At Next ’19, we announced the beta availability of AI Platform Notebooks, our managed service that offers an integrated environment to create JupyterLab instances that come pre-installed with the latest data science and machine learning frameworks. Today, we’re excited to introduce support for R on AI Platform Notebooks. You can now spin up a web-based development environment with JupyterLab, IRkernel, xgboost, ggplot2, caret, rpy2 and other key R libraries pre-installed.
The R language is a powerful tool for data science, and has been popular with data engineers, data scientists, and statisticians everywhere since its first release in 1992. It offers a sprawling collection of open source libraries that contain implementations of a huge variety of statistical techniques. For example, the Bioconductor library contains state of the art tools for analyzing genomic data. Likewise, with the forecast package you can carry out very sophisticated time series analysis using models like ARIMA, ARMA, AR, and exponential smoothing. Or, if you prefer building deep learning models, you could use TensorFlow for R.
Users of R can now leverage AI Platform Notebooks to create instances that can be accessed via the web or via SSH. This means you can install the libraries you care about; and you can easily scale your notebook instances up or down.
Getting started is easy
You can get started by navigating to the AI Platform and clicking on Notebooks. Then:
1. Click on “New Instance” and select R 3.5.3 (the first option).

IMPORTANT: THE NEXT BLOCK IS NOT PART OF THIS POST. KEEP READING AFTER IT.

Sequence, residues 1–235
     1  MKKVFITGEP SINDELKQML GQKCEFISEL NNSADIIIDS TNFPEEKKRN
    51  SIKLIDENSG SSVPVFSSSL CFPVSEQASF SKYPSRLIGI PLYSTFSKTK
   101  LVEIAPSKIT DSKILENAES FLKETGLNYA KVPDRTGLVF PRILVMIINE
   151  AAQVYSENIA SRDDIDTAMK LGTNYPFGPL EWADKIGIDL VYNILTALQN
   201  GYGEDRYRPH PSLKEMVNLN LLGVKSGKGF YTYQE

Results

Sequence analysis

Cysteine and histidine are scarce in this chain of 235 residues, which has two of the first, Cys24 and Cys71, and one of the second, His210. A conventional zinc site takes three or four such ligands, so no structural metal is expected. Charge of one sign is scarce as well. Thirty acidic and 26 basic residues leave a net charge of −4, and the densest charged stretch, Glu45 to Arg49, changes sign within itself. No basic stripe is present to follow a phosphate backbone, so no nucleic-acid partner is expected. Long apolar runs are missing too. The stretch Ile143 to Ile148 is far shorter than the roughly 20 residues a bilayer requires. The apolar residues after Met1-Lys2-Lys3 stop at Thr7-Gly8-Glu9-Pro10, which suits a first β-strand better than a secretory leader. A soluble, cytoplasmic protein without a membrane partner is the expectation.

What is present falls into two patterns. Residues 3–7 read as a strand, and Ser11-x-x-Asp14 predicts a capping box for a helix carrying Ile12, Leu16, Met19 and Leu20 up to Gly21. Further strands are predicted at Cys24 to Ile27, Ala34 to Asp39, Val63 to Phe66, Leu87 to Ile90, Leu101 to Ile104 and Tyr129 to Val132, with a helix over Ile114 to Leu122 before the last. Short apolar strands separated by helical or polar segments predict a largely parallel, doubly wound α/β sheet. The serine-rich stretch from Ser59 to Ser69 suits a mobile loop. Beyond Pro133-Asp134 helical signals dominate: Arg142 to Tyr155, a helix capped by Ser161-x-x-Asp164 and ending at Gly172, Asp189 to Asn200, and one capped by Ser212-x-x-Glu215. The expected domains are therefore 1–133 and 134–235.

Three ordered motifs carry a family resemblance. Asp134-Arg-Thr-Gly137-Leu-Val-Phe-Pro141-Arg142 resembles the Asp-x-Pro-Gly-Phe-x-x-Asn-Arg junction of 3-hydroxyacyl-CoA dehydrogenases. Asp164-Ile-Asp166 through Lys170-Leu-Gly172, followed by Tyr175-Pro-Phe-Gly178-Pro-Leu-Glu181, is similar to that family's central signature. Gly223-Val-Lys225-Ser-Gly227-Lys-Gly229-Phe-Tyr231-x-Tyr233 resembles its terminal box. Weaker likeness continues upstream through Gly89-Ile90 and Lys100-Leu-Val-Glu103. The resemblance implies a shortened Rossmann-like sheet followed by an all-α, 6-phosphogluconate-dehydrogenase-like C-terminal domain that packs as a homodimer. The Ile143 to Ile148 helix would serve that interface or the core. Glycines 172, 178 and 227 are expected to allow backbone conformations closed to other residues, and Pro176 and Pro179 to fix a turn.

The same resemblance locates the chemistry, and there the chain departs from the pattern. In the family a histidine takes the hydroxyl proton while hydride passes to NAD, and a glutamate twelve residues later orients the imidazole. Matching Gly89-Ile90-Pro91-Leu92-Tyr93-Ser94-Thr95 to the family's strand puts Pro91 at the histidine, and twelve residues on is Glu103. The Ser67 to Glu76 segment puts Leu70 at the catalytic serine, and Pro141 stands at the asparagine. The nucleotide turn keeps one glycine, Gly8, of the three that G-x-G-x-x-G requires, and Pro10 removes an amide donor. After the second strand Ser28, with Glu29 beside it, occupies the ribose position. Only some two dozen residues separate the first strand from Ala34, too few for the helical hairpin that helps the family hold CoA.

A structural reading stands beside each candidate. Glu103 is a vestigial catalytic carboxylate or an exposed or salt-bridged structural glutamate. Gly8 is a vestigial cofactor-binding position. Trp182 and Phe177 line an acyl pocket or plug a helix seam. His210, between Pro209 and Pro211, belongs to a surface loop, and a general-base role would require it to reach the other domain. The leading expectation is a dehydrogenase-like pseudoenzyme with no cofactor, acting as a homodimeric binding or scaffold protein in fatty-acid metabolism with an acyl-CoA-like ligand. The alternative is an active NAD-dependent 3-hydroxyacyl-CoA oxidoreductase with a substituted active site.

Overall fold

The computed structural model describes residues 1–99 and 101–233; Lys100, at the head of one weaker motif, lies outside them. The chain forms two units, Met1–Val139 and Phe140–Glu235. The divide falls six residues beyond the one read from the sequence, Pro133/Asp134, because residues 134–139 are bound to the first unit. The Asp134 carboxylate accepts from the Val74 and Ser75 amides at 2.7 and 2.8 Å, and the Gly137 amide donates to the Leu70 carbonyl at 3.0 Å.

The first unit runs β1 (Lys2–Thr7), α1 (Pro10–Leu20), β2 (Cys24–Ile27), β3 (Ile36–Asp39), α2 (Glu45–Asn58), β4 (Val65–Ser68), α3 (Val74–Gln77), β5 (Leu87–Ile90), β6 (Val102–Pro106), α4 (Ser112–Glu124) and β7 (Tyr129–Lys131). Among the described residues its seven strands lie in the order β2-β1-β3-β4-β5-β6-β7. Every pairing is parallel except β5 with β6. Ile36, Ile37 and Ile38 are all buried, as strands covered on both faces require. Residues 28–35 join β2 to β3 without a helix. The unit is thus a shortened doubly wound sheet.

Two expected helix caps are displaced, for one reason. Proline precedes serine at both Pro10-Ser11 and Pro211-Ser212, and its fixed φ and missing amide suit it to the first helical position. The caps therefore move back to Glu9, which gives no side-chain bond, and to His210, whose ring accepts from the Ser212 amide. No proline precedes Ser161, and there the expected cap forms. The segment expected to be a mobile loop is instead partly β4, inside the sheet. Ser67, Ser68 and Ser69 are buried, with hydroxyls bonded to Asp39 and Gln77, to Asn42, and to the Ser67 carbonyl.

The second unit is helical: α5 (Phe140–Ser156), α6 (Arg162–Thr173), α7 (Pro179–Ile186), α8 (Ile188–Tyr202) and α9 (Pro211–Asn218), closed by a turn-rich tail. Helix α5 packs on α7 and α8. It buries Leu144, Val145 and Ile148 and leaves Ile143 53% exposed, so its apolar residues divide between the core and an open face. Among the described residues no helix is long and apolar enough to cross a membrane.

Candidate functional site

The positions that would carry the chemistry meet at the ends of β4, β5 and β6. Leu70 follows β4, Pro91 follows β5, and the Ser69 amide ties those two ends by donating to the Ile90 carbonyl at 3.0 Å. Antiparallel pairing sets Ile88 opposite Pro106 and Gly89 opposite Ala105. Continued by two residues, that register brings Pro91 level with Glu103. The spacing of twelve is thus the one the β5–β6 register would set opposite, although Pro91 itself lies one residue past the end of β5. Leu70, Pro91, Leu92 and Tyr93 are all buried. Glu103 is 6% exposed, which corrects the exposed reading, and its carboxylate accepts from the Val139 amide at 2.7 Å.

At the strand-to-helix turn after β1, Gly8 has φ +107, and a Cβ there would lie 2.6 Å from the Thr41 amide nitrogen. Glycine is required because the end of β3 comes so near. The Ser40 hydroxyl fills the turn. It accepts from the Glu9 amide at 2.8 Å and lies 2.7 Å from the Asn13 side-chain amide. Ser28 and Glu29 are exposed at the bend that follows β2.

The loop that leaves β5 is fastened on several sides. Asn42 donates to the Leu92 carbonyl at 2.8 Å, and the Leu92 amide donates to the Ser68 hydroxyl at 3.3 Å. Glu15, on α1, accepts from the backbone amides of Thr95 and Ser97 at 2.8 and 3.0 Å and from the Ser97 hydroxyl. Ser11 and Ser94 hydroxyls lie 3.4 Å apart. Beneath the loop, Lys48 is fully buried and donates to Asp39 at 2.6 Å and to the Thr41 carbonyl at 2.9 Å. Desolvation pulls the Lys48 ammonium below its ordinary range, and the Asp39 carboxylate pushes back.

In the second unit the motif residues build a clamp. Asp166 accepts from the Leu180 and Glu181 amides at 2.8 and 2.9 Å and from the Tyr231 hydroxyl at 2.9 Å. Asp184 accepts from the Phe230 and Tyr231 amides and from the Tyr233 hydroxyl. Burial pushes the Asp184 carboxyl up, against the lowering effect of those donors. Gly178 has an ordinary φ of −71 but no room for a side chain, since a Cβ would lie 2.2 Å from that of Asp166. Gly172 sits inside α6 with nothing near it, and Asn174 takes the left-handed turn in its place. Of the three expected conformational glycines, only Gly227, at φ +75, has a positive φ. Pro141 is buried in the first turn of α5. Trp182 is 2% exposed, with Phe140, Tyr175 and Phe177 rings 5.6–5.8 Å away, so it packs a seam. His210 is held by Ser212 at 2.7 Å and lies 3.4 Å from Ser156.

2. Give your instance a name and hit “Create”.
In a few seconds your Notebook instance will show up in the list of instances available to you.
You can access the instance by clicking on “Open JupyterLab”.
This brings up the JupyterLab Launcher. From here you can do these three things:
1. Create a new Jupyter Notebook using IRKernel by clicking on the R button under Notebook.
2. Bring up an iPython style console for R by clicking on the R button under Console.
3. Open up a terminal by clicking on the terminal button under Other.
For fun, let’s create a new R notebook and visualize the infamous ‘Iris’ dataset, which consists of the measurements of the size of various parts of an Iris labeled by the particular species of Iris. It’s a good dataset for trying out simple clustering algorithms.
1. Create a new R notebook by clicking on the R button under Notebooks.
2. In the first cell, type in:
This will let you see the first 6 rows of the Iris data set.
3. Next, let’s plot Petal.Length against Sepal.Length:
ggplot(iris, aes(x = Petal.Length, y = Sepal.Length, colour = Species)) +
ggtitle('Iris Species by Petal and Sepal Length')